The development and commercialization of acid labile resins (Rink, 1987; Bray, 2003) has allowed the synthesis of large peptides by hybrid synthesis. Small fragments with protected side chains are synthesized over the acid-labile resins using Fmoc protected amino acids; these fragments are removed from the resin with 1% TFA solution. The fragments that contain the whole peptide or protein sequence are condensed in solution to yield a product with protected side chains which is then deprotected and purified to complete the synthesis of the desired product.
Independent of the SPPS system chosen, peptide synthesis is a multi-step process where the number of operations required increases proportionally to the number of amino acid residues of the peptide. This in turn produces a decrease in yield, which is exponential with the number of steps involved in the synthesis of the peptide. In fact, if Ri is the yield of recovery in step i, then the global yield of recovery (R) of a synthesis of N steps is:
synthesis of a peptide of 10 to 20 amino acids involves 20 to 50 operations.
If an average yield of recovery of 90% is assumed for each amino acid
linked, the total yield of recovery would be within the range of 35%
(0.910 = 0.35) and 12% (0.920 =
0.12). Even if the average yield of recovery could be increased to
98%, the total yield of recovery would be within 82% (0.9810
= 0.82) and 67% (0.9820 = 0.67). This simple exercise highlights
the importance of improving the coupling efficiencies, which is a
key aspect for the success of a process for peptide synthesis at industrial
scale. If one takes into consideration that in the production of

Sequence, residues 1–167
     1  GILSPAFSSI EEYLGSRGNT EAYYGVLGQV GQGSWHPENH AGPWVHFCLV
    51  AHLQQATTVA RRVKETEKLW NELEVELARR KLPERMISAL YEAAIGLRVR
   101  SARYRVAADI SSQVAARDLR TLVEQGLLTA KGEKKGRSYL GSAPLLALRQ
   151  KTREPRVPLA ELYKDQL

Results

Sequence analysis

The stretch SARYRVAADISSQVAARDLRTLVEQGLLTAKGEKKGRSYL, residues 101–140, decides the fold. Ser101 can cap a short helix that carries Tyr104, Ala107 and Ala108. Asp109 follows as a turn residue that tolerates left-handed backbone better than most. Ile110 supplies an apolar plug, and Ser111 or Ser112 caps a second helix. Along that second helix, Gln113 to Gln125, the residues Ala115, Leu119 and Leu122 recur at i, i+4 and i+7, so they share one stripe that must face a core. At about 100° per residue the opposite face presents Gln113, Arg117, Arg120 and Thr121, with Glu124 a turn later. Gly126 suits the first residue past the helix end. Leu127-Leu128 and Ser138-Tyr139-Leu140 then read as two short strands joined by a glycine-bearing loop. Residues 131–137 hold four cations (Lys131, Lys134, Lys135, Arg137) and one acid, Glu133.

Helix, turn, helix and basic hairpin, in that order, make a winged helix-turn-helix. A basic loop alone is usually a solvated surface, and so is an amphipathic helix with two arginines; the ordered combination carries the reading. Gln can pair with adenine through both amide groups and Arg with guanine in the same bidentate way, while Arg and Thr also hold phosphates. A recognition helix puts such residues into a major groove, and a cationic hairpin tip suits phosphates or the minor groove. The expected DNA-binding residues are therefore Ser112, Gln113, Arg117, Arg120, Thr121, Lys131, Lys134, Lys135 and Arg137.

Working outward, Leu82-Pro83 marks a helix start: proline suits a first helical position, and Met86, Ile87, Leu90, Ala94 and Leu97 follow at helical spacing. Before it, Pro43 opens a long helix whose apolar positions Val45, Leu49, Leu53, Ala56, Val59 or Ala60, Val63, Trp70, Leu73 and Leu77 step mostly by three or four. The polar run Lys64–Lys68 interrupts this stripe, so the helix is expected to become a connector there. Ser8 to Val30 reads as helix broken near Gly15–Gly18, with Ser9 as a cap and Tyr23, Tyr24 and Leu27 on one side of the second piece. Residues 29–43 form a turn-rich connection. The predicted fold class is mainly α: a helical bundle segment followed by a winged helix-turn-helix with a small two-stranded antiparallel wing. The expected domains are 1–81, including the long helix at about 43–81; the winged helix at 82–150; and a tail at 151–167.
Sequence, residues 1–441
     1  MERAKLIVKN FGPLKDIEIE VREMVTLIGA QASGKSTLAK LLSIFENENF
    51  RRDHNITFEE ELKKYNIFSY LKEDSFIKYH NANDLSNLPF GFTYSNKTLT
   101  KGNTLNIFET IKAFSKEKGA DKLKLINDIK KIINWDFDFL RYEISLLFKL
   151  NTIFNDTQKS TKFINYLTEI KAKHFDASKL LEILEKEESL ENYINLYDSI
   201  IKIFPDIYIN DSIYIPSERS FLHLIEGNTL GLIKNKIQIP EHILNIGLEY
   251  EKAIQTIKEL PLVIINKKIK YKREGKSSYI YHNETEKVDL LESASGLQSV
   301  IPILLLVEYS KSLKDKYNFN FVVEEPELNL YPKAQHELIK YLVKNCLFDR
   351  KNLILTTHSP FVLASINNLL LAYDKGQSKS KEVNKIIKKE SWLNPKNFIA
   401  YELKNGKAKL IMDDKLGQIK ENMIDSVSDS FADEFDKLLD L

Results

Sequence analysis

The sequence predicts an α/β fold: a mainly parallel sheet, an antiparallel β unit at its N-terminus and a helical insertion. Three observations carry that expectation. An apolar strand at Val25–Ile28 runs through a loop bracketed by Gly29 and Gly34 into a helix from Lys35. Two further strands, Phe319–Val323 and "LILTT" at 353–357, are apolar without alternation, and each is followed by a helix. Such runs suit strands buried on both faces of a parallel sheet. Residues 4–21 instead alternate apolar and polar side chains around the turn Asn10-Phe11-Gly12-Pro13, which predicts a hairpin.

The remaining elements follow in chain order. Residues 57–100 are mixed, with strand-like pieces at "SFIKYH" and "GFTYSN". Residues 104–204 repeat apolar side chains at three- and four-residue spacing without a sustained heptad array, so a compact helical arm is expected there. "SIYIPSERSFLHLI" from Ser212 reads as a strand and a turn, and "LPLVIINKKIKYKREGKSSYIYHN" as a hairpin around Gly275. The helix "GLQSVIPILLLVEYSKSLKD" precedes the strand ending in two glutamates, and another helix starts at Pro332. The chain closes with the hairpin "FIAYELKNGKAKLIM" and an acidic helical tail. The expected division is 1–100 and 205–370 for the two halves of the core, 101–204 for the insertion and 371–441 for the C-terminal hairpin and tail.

The synthesis of sophisticated peptides for therapeutic use is first conducted at the milligram scale for performing biological studies and elucidating structure-activity relationships. Even though yields of recovery can be quite low at this stage, they can be good enough to conduct such studies. However, the identification of the peptide as a candidate for clinical studies demands the synthesis of large amounts of product. When the therapeutic dose has been established in Phase II, the scale of production will be higher and a scale-up strategy for the process will be necessary. At this point, the cost-benefit analysis of the process of synthesis becomes relevant. The strategy should satisfy not only the requirements for the licensing of the product but also comply with the regulatory requirements and validation of the process, which implies the establishment of the chemical and biological equivalence with the product synthesized at the small scale. In this context, the amino acid protection systems should be similar, and ideally identical, in both stages of development. The selection of the most effective route for synthesis at large scale represents a challenge and all efforts should be directed towards the design of the procedure of synthesis that renders the higher productivities and yields. When the process is scaled up to production levels (kilograms or tons, depending on the product), criteria that are not necessarily relevant at small scale become relevant. Production costs, purity of the product, security and environmental impact of the process are now issues of major concern. Costs of reagents are usually high; therefore, the use of large excess, which is common practice in the early stages of development, is inadmissible at large scale, where it is highly desirable to use reagents as close to stoichiometry as possible. In fact, large amounts of reagents cannot be wasted just to ensure the completion of the reaction. Aside from costs, environmental burden is also a matter of concern because of the surplus effluent produced. Therefore, the kinetics of the reactions should be studied in greater detail when scaling up to reduce the costs associated with reagents and waste treatment after reaction (Andersson et al. 2000; Bruckdorfer et al. 2004; Patarroyo and Guzmán, 2004). Some relevant examples of peptides produced at large scale and the production system used are shown in Table 2.